Featured Panelist on This Week in Missouri Politics: KCHBA EO Will Ruder
On the Sept. 20 show of This Week in Missouri Politics, Scott Faughn sat down with KCHBA Executive Officer Will Ruder and Danny Pfeifer of the Catalyst Group to discuss the impact Covid-19 has had on housing in Kansas City and how the industry is moving forward.
“Where we live has never been more important… It has created a re-emphasis on the place we call home,” said Ruder. Over the past six months, many people have slowly found using the kitchen table as a desk is a less than ideal situation. The demand for the luxury of more space and historically low interest rates are two major factors pushing the residential construction industry forward.
Housing plays an extremely vital role in the fabric of the city itself and how visitors and residents experience it. Faughn touched on the overall optimistic vibe of the city, noting “people are excited to be from Kansas City.” Pfiefer agrees that “Kansas City has been on the uptick for a little while now” citing winning professional sports teams and a solid local economy as contributing factors.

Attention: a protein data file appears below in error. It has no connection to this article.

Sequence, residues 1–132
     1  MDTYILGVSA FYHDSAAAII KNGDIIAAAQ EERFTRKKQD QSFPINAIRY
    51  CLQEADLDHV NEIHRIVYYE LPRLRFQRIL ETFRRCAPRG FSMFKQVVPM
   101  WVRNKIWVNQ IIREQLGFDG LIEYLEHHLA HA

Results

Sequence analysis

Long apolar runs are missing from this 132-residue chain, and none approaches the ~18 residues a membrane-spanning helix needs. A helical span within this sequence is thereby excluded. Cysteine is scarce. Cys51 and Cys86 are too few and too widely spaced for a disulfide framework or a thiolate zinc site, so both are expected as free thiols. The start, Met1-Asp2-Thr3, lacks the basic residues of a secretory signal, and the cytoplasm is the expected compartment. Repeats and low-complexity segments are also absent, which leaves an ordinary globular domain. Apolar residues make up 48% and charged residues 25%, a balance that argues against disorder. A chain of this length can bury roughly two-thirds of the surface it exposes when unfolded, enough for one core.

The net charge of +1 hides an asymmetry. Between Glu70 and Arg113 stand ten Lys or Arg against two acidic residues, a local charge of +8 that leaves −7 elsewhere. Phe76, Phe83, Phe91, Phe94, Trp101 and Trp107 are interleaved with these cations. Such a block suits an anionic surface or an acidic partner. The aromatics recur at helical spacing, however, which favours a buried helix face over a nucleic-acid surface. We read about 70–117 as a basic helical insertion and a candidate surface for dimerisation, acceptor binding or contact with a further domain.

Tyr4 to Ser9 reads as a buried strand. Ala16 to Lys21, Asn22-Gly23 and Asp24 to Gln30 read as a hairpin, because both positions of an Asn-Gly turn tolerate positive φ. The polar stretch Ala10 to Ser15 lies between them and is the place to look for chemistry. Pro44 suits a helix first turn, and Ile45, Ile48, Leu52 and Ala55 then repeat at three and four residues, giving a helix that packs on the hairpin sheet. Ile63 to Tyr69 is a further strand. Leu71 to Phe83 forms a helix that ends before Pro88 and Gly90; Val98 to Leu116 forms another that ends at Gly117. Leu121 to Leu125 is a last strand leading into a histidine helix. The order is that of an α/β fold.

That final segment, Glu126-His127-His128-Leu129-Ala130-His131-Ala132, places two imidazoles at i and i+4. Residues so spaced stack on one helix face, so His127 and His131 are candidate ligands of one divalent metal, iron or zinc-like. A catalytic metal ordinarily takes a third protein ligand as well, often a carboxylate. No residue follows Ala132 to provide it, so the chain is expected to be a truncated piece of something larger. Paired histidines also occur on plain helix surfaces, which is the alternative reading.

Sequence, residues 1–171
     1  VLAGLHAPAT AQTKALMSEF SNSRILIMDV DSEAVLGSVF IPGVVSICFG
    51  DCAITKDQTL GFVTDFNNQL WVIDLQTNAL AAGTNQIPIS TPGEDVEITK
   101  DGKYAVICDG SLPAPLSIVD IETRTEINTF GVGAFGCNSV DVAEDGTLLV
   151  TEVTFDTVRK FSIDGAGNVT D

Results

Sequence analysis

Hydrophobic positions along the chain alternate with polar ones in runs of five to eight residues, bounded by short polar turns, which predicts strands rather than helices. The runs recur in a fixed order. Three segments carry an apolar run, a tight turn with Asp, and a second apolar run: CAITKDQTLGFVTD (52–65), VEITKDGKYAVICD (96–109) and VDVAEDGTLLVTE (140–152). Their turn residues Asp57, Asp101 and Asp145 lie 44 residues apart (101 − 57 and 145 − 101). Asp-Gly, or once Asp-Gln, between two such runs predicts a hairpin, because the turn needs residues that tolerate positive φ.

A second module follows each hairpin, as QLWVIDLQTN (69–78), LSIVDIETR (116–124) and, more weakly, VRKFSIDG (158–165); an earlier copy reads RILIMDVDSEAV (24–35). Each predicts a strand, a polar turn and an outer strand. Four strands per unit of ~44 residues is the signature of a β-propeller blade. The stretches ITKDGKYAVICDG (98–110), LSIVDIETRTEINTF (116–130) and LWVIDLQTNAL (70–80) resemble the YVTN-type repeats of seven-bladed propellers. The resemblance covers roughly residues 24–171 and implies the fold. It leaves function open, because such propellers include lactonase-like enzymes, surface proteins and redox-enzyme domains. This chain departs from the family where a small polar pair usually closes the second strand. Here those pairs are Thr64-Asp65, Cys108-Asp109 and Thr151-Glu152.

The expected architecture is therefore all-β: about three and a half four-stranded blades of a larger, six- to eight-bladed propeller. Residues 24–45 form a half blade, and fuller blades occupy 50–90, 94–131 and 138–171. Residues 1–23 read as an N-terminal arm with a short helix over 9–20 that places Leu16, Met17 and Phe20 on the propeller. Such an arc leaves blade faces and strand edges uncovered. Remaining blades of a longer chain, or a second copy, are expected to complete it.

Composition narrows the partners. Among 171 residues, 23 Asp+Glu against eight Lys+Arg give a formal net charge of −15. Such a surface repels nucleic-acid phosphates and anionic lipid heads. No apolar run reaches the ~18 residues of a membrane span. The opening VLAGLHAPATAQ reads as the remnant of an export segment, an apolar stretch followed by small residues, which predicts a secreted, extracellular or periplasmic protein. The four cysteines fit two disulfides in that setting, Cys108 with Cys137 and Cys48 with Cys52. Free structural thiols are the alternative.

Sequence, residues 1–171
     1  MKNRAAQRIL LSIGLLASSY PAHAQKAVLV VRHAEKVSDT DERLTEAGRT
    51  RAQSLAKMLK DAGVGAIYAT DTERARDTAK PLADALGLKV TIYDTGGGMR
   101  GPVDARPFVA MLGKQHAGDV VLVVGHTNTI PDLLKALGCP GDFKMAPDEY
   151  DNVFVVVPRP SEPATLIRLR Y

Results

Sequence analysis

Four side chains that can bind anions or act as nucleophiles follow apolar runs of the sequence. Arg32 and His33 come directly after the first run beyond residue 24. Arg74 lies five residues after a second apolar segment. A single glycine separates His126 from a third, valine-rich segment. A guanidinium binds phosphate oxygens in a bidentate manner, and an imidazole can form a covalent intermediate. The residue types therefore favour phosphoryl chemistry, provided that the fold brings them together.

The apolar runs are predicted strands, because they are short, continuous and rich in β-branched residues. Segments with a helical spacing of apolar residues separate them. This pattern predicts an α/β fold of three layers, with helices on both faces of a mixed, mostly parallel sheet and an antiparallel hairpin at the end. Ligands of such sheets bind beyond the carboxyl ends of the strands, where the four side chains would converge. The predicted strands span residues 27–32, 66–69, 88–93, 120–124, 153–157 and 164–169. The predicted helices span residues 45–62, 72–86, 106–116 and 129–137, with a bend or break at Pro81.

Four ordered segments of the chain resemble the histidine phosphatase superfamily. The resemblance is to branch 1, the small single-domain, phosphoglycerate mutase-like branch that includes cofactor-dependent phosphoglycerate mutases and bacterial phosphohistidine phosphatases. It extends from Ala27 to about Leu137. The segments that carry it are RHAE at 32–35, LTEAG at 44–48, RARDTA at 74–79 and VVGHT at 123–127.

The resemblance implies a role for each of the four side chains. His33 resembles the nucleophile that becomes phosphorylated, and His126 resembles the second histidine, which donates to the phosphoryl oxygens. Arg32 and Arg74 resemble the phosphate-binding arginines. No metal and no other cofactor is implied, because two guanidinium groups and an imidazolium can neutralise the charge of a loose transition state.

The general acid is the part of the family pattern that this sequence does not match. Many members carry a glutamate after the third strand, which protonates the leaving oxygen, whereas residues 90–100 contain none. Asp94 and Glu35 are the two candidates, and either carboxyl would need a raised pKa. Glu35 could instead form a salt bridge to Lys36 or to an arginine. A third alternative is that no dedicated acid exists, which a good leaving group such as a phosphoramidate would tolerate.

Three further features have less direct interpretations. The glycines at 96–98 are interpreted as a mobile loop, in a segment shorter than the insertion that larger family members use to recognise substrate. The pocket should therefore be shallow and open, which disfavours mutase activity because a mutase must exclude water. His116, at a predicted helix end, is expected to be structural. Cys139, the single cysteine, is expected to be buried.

There are many reasons why buying a home in Kansas City is appealing to so many people. “The quality of life that exists here in Kansas City is second to none,” said Ruder. “I think that is reflected in the amount of new construction that is going on in Kansas City. Our permits year to date are up 17 percent this year over last.” Ruder points out the ability to grow is almost limitless, with 360 degrees of opportunity. “There is a tremendous sense of optimism. It’s a cautious optimism. I think people still bare the scars of what happened to the economy 12 years ago, related to housing,” commented Ruder.
The 2020 data provides a positive outlook on the future of housing in Kansas City, but it shouldn’t be taken for granted. “Leadership matters… Homebuilding is not unlike water or air. It’s going to flow to areas where there is less pressure. And so the greater level of regulatory scrutiny or the processes required to put this product in the ground. If they are too restrictive or trying to prove a point, then there are other options for people to build. We’re going to build homes in places that people want to live and at a price point that they can afford. They have more regional options than simply staying in one ZIP code,” explained Ruder.